The map of Lebanon, in fact, reads like a menu. On even short drives for example, you simply had to break your journeys in Chtaura for yoghurt, in Batroun for lemonade, and in Jounieh for sherbets. In Sidon you would stop for the delectable kanafih bil ju'bn, syrup-soaked layers of shredded wheat with melted goat cheese, served hot, and, in Chemlan you would savor superb Shish Ta'uk - grilled chicken -on the terrace of Cliff House.
In the 1960s, before traffic reached paralyzing proportions it was still possible to leave Beirut and within an hour - almost literally - be camped by an icy waterfall in the Damour Valley, stretched out on a secluded beach near Sidon, or, in winter, be skiing down an icy slope above the timber line at a resort called Faraya. Take two hours and you could be hiking under the cedar trees at Barouk, picnicking among the grassed-in ruins of Roman temples or lonely castles without a name, or skiing under the great branches of the famous cedars of Lebanon - some 1,000 years old.
Such excursions showed Lebanon at its best. Depending on the time of year you might find in the same trip oranges and bananas on the coast and peaches and apples on mountain terraces and, in springtime, a dazzling variety of flowers.
In Lebanon, the wild flowers were extraordinary: in the mountains beneath the olive trees and in pine-shaded valleys, we hiked on spring carpets of red anemones, violets and dwarf iris. Beside every tumbling stream you could find pink oleanders among the ancient ruins, hollyhocks in the city. Plants like purple bougainvillea and fiery hibiscus seemed able to survive with their roots squeezed into a narrow strip of earth in a paved courtyard - and still cascade gloriously across near-by walls.
This is the sort of beauty that lives in the mind-and the heart-but in the end it is the people you can't forget: the mountain family inviting me to share a meal when I simply paused before their door to ask directions; the farmer who picked a handful of apricots and plums from his trees and offered them to me as I hiked past his tiny orchard; the villager holding out a clay jug of cool water to quench my thirst; the village boys leading me along a riverside trail to their favorite swimming hole.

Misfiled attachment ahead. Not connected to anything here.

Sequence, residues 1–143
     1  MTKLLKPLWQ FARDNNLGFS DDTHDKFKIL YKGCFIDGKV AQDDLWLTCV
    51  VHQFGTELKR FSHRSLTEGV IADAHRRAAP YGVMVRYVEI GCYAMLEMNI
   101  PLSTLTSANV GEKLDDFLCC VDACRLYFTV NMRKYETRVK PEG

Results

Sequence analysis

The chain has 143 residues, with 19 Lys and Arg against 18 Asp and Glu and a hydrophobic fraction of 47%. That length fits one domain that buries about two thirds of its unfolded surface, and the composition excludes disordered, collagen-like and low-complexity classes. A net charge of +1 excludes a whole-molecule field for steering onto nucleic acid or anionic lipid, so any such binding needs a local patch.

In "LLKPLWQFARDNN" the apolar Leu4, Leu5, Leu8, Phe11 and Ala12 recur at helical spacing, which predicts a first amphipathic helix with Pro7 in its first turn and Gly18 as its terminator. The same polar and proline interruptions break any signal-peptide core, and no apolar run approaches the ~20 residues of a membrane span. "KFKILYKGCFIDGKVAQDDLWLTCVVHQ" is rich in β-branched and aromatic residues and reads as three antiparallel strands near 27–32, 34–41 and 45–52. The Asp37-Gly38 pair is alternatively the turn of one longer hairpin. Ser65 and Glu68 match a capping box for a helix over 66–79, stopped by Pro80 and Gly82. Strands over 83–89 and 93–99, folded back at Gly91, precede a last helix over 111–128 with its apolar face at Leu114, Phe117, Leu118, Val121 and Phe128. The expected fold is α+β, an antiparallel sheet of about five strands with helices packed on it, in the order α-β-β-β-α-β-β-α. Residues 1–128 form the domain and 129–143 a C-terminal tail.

These same smiling, happy people- lets be honest-could enrage you too, of course, with their "Bukra! Bukra!" (Tomorrow! Tomorrow!") and their maddening "Ma'al-aish" ("Never mind) with its infuriating suggestion of indifference to just about everything. And yet, I miss it - as did a German friend, who wrote to me several years after she left Beirut. She sometimes ached to hear those words, she said, in her disciplined, highly structured life.
I used to get annoyed too, at a certain traffic light, when young entrepreneurs hoping to earn a coin gave my windshield a quick swipe with a grimy damp cloth, delaying me and smearing the windshield - but I also remember the same boys, one summer evening, pushing strands of sweet-smelling jasmine through the window with the words: "For your lady, Sir?" It was Lebanon in microcosm: for every grimy rag, a flower.
Sentiments, like these of course, provide endless poignant memories. There is one memory, however, that persists. A vacant lotnearmy house where, in my finalyearin Beirut, I used to take my dog Dune, after work. Because of the walls this lot was a secluded spot where I could let Dune run and just sit quietly and smoke in the shadow of an old stone house with arched windows - and the huge skyscraper of the Holiday Inn that had just opened.
After I left Beirut that house, as well as the hotel, were shelled and hit repeatedly and Dune was later killed. So when I think of that lot now, I think of past wars and other ruins: temples and palaces and forts, with time, rain and sunshine leaving a golden patina on the white limestone walls, and green blades of grass edging up through the crevices. Soon, I know, the stones in that lot will begin to weather too and the grass will begin to grow among them. I try, but I can see no dark-eyed children at play there.